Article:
At the next corner he shook off his companion and ran. He halted in the
district where by night are found the lightest streets, hearts, vows and
librettos. Women in furs and men in greatcoats moved gaily in the wintry
air. A sudden fear seized Soapy that some dreadful enchantment had
rendered him immune to arrest. The thought brought a little of panic
upon it, and when he came upon another policeman lounging grandly in
front of a transplendent theatre he caught at the immediate straw of
On the sidewalk Soapy began to yell drunken gibberish at the top of his
harsh voice. He danced, howled, raved and otherwise disturbed the
The policeman twirled his club, turned his back to Soapy and remarked to
"'Tis one of them Yale lads celebratin' the goose egg they give to the
Hartford College. Noisy; but no harm. We've instructions to lave them
Disconsolate, Soapy ceased his unavailing racket. Would never a
policeman lay hands on him? In his fancy the Island seemed an
unattainable Arcadia. He buttoned his thin coat against the chilling
In a cigar store he saw a well-dressed man lighting a cigar at a
swinging light. His silk umbrella he had set by the door on entering.
Soapy stepped inside, secured the umbrella and sauntered off with it
slowly. The man at the cigar light followed hastily.
"My umbrella," he said, sternly.
"Oh, is it?" sneered Soapy, adding insult to petit larceny. "Well, why
don't you call a policeman? I took it. Your umbrella! Why don't you call
a cop? There stands one on the corner."
The umbrella owner slowed his steps. Soapy did likewise, with a
presentiment that luck would again run against him. The policeman
looked at the two curiously.
"Of course," said the umbrella man--"that is--well, you know how these
mistakes occur--I--if it's your umbrella I hope you'll excuse me--I
picked it up this morning in a restaurant--If you recognise it as yours,
why--I hope you'll--"
"Of course it's mine," said Soapy, viciously.
The ex-umbrella man retreated. The policeman hurried to assist a tall
blonde in an opera cloak across the street in front of a street car that
was approaching two blocks away.
Soapy walked eastward through a street damaged by improvements. He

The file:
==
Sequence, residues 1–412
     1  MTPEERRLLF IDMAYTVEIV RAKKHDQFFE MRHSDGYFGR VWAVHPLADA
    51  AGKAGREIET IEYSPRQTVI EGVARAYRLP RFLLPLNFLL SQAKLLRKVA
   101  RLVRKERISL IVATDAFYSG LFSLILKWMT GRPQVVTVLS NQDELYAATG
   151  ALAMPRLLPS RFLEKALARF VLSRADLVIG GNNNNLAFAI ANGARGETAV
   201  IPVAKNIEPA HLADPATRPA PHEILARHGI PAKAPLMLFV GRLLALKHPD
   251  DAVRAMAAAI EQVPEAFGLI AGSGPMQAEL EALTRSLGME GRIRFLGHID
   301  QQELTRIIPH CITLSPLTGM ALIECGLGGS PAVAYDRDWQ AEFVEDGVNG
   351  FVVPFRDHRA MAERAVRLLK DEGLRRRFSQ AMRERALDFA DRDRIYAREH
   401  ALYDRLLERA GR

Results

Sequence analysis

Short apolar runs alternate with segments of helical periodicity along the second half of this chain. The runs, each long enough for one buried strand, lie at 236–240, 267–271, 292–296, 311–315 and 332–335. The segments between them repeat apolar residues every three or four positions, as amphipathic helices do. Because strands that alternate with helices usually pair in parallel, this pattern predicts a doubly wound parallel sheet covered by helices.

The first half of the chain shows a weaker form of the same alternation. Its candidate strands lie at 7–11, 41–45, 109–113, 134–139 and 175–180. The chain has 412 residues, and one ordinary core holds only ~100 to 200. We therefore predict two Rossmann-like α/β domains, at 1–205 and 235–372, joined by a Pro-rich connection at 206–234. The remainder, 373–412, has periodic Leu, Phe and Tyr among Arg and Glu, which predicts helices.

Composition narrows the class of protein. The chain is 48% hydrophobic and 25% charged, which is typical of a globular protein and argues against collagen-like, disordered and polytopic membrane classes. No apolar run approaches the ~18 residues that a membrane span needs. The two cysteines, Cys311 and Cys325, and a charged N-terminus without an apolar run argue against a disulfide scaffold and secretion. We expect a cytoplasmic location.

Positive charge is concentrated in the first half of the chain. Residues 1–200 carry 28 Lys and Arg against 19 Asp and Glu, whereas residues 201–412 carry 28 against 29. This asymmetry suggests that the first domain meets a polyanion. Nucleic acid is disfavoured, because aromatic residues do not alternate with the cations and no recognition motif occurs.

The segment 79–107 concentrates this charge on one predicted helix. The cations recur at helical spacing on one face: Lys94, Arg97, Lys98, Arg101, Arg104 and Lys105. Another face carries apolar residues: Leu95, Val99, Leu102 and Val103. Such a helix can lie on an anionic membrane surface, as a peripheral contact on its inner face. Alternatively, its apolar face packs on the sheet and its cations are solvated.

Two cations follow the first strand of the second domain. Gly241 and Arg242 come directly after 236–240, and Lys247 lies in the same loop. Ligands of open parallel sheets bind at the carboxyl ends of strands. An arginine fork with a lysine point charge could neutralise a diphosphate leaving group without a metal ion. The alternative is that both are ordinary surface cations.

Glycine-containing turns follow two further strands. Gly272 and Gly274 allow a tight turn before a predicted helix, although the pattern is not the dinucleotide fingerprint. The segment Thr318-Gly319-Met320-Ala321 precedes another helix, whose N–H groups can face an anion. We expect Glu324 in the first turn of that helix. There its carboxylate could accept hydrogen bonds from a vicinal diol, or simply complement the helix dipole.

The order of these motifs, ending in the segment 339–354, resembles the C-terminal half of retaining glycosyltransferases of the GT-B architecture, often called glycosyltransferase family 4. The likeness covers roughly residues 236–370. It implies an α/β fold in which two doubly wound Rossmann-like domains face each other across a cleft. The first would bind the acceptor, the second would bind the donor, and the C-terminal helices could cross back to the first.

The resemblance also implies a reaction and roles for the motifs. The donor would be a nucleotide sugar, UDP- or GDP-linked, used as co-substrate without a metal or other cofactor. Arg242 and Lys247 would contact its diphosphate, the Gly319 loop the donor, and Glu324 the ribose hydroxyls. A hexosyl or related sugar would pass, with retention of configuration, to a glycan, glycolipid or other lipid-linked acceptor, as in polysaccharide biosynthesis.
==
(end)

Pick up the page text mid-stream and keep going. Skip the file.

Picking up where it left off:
hurled the umbrella wrathfully into an excavation. He muttered against
the men who wear helmets and carry clubs. Because he wanted to fall into
their clutches, they seemed to regard him as a king who could do no
At length Soapy reached one of the avenues to the east where the glitter
and turmoil was but faint. He set his face down this toward Madison
Square, for the homing instinct survives even when the home is a park
But on an unusually quiet corner Soapy came to a standstill. Here was an
old church, quaint and rambling and gabled. Through one violet-stained
window a soft light glowed, where, no doubt, the organist loitered over
the keys, making sure of his mastery of the coming Sabbath anthem. For
there drifted out to Soapy's ears sweet music that caught and held him
transfixed against the convolutions of the iron fence.
The moon was above, lustrous and serene; vehicles and pedestrians were
few; sparrows twittered sleepily in the eaves--for a little while the
scene might have been a country churchyard. And the anthem that the
organist played cemented Soapy to the iron fence, for he had known it
well in the days when his life contained such things as mothers and
roses and ambitions and friends and immaculate thoughts and collars.
The conjunction of Soapy's receptive state of mind and the influences
about the old church wrought a sudden and wonderful change in his soul.
He viewed with swift horror the pit into which he had tumbled, the